Whether you’re a coffee newbie or an expert in the world of beans, there are some basic principles to follow when choosing your next batch of grinds, dense, oily beans have a high concentration of oils that provide body and flavor to the coffee and you don’t want those oils scooped out during the roasting process because they’ll result in bitter, oily coffee.
On the flip side, dry beans can produce bitterness if not roasted sufficiently, and last but not least,French-pressing is widely acknowledged for its well-rounded flavor as compared to standard drip-coffee brewing.
Get to know your beans.
Coffee is a deeply chillable plant, which means it will only grow in warm climates, so if you’re growing it in your garden or a heated greenhouse, you’re probably going to be disappointed with the results, and when the coffee berries are mature, they’ll blooms, which will open up the bloomer or Cupola, allowing for the release of more volatile oils that are important for flavor and aroma.
When the bloom is complete, the beans are dried, ground, and frequently sent off to be roasted and packed into bags or bottles for sale. However, when you receive the potential beans for your bean-to-bar espresso machine, you may want to try roasting your beans because there are several ways to do this, but the two main methods are automatic and manual; in a manual roaster, you’re basically roasting the beans and then gathering them up and putting them in bags, this is called bagging.
Decide if you want a lighter cup of coffee or a bolder one.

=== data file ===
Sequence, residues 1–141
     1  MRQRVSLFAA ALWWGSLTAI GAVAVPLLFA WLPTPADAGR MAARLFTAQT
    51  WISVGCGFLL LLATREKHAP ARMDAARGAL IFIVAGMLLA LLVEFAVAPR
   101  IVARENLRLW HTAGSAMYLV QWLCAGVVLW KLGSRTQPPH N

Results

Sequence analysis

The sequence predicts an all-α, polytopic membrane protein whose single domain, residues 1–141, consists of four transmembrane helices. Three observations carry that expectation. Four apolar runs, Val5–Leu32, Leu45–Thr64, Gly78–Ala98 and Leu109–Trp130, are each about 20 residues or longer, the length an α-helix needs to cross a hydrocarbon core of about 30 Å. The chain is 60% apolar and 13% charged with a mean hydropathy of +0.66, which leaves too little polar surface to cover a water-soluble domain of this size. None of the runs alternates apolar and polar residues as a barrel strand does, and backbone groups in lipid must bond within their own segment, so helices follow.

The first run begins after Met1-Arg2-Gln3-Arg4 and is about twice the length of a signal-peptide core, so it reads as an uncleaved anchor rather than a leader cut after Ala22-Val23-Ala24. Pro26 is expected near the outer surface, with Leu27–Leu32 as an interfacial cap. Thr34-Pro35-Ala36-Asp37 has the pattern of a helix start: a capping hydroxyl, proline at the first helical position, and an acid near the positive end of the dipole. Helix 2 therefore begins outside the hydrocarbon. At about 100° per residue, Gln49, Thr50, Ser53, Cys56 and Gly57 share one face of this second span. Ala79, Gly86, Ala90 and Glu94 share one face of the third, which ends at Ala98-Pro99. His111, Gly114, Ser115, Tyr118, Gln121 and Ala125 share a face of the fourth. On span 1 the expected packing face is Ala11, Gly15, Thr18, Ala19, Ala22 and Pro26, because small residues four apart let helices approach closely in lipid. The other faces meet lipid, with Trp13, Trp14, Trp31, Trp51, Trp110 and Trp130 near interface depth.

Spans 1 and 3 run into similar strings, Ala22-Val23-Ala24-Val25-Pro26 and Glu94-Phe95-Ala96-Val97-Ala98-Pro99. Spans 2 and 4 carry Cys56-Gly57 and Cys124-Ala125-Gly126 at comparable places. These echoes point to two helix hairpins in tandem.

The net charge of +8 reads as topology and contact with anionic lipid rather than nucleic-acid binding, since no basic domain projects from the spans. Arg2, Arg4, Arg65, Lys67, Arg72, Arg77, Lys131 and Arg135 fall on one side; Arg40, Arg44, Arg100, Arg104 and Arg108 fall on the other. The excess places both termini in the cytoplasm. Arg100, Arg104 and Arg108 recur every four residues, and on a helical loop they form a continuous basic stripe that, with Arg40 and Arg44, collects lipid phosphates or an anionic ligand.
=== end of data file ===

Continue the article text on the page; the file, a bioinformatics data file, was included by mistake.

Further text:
Once you know how the best coffee beans are roasted, you can decide if you want a lighter or a bolder cup of coffee, or if you frequently travel, you may want a bolder cup of coffee to go with your favorite travel destinations and if you like rich, chocolaty coffee, you may prefer a lighter cup of coffee to start your day or go towards the end of your day- we’re all different and have different preferences, so don’t be afraid to experiment.
Drip or Batch brewers should have this down.
If you’re a beginner, you need to get acquainted with the difference between drip- and Batch brewers- if you’re a coffee newbie, you may have heard about Drip coffee and Batch coffee: Drip coffee is made by setting up a coffee maker that pours water over the coffee grounds, the grounds are allowed to sit for a while before being removed from the brewer and as the coffee decays, the grounds are slowly rotted away and replaced by more coffee; batch coffee, on the other hand, is made by setting up a coffee maker that automatically switches between Batch and Drip mode- in this mode, the coffee grounds are allowed to sit while the brewing process happens, and then they’re automatically removed from the brewer.
The flavor is key with espresso shots.
If you’re making espresso shots, you want your beans to be perfectly roasted, if you’re making regular coffee, you can over-roast your beans and end up with bitter coffee but with espresso shots, you want your beans to be perfectly struckso they lose their bitterness and become easy to drink- you can test this out by tasting your freshly roasted coffee beans and if they’re not quite right, adjust them by crushing them up a bit and adding them back to the brew basket.